Wild Native Edible Florida Plants & Weeds

This board has information on foraging for wild, native plants and weeds that can be found in Florida and the South. These can also be planted and cultivated in the garden or yard for presumably easy care food plants - why fight nature when we can work with it?
255 Pins

Usnea (Old Man's Beard): Food and Pharmacy Lichen - Usnea “Has unmistakable white core when main stem is pulled apart… I like it right off the tree in amounts about one/third to one half the size of a cotton ball... Larger amounts should be leached of the acid [by soaking in several changes of water] or it will irritate your lower digestive track… For external wounds is can be a lifesaver to prevent infections and gangrene. Internally it is a pain reliever, broad spectrum antibiotic…”

Usnea: Food and Pharmacy Lichen


Hydrocotyle bonariensis, and its cousin, Centella erecta, a.k.a. Pennywort or Dollarwort and gotu kola. These weeds have a chemical, like celery, that helps the aorta and blood vessels relax. They do that by increasing the amount of nitrous oxide available and that can lower blood pressure. In India, Centella has been used for that purpose for some 3,000 years. Eat raw or cooked like any green.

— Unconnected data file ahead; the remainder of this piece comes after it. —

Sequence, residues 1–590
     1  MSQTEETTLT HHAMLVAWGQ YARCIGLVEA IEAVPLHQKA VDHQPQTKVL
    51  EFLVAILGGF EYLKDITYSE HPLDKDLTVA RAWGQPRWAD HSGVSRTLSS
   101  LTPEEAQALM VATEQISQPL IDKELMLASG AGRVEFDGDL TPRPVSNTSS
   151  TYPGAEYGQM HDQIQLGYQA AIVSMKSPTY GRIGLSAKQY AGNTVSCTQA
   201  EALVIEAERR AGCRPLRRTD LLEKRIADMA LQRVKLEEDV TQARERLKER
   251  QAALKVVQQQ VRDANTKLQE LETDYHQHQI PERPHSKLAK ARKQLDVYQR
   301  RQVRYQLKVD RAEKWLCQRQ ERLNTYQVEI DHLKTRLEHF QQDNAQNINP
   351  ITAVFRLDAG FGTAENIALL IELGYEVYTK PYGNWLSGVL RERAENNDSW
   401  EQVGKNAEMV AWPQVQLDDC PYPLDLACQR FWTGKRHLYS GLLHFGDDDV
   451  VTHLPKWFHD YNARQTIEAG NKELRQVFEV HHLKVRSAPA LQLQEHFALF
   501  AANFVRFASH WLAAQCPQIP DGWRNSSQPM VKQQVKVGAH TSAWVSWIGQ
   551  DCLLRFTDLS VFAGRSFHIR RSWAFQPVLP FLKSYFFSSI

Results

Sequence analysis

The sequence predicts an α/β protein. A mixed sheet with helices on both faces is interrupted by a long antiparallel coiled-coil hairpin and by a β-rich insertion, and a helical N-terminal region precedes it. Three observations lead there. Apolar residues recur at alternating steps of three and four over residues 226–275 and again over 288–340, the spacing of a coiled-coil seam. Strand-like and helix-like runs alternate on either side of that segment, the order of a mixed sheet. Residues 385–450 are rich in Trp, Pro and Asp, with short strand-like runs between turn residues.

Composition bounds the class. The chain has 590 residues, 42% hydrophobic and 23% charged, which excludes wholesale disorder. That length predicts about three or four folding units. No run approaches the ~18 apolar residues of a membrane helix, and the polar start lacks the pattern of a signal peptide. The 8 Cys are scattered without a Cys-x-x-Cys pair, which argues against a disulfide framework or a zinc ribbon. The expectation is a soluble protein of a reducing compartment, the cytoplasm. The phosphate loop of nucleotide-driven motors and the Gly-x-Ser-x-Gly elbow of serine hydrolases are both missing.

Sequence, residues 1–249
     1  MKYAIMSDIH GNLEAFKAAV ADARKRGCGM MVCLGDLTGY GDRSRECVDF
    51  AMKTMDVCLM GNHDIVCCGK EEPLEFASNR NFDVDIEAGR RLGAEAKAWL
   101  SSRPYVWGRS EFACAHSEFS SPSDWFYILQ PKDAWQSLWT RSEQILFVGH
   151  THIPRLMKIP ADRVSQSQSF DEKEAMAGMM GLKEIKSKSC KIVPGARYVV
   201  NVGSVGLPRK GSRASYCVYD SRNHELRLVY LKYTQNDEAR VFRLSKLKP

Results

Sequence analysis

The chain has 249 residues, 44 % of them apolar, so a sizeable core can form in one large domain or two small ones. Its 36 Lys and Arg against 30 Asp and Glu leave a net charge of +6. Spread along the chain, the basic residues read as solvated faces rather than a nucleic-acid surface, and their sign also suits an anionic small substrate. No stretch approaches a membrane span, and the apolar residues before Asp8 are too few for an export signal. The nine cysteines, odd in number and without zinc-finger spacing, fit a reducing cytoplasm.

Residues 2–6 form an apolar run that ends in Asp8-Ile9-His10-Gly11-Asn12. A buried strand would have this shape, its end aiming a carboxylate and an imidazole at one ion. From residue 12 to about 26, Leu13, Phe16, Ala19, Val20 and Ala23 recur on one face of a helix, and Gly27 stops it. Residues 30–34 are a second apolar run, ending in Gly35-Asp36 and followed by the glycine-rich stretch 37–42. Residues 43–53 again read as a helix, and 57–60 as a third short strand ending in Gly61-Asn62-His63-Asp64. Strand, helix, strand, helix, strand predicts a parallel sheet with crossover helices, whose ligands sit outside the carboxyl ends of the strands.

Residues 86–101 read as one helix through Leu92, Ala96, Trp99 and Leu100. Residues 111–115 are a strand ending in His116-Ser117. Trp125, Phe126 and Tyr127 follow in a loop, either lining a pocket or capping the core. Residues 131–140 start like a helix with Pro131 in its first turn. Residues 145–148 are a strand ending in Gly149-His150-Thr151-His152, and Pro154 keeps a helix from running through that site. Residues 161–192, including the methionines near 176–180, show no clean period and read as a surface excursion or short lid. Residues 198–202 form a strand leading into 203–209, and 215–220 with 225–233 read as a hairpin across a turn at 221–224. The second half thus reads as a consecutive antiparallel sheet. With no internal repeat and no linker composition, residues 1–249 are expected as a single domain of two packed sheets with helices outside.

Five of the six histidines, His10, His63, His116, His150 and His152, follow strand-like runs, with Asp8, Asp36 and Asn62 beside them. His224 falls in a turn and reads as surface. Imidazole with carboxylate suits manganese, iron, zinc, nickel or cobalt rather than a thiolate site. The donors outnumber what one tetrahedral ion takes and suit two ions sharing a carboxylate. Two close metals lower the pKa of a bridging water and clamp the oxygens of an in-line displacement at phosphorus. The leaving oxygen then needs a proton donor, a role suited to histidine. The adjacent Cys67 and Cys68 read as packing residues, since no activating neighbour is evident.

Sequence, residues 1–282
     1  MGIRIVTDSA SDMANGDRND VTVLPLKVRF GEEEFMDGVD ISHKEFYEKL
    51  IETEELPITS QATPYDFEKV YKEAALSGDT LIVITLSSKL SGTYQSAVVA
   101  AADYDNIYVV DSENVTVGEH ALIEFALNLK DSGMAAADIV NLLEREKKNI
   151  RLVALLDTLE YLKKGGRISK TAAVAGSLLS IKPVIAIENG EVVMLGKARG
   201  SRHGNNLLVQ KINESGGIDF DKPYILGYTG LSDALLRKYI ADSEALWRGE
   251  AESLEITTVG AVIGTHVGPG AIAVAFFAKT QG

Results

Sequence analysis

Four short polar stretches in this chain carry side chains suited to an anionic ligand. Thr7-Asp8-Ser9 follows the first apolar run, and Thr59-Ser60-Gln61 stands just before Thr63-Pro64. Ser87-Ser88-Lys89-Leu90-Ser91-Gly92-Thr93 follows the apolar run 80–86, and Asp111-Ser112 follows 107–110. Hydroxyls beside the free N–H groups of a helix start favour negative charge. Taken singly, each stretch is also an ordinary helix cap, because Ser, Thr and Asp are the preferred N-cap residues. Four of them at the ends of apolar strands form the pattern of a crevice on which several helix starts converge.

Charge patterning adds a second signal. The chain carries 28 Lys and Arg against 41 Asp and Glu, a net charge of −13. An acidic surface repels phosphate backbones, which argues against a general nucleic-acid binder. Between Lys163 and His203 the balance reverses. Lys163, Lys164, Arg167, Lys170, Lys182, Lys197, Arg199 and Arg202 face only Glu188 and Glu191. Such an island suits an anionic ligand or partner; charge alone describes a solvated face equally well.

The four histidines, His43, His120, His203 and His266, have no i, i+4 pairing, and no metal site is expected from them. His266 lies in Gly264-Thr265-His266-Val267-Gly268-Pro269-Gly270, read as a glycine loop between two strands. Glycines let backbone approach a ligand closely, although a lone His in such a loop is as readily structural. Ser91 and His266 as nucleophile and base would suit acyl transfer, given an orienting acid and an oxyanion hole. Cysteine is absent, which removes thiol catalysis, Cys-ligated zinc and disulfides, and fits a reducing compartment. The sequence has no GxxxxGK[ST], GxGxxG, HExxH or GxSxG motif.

Pennyworts Making Sense


Cranesbill Geranium (Geranium carolinianum) - The plant is high in tannins, which is why it is bitter and used for diarrhea. You can eat it raw or cooked.

Stork’s Bill, Cranesbill


Spanish Needles, Pitchfork Weed, Bidens Alba - Young leaves (a few at a time; high saponin content) and flowers for salad. Shoots, tips and young leaves are good potherbs. It’s dried leaves are also a favored in Hawaii for tea. Related Biden pilosa lowers blood sugar and blood pressure, stimulates the immune system and is anti-inflammatory.

Spanish Needles, Pitchfork Weed


Edible Elderberry, or Poisonous Water Hemlock? How to Tell. Image: Elderberry blooms are irregular flattops. Photo by Green Deane

Look Alikes


Harvesting Pine Pollen, How and Why

And Here We Are

Harvesting Pine Pollen- How & Why - And Here We Are


Foraging DOs and DON'Ts


Foraging DOs and DON’Ts


Black Nightshade « Forager's Harvest - "I began eating wild black nightshade berries at the age of twelve and have avidly sought them since. I have eaten the berries on many hundreds of occasions—sometimes more than a cup at a time. I eat them because I find them delicious."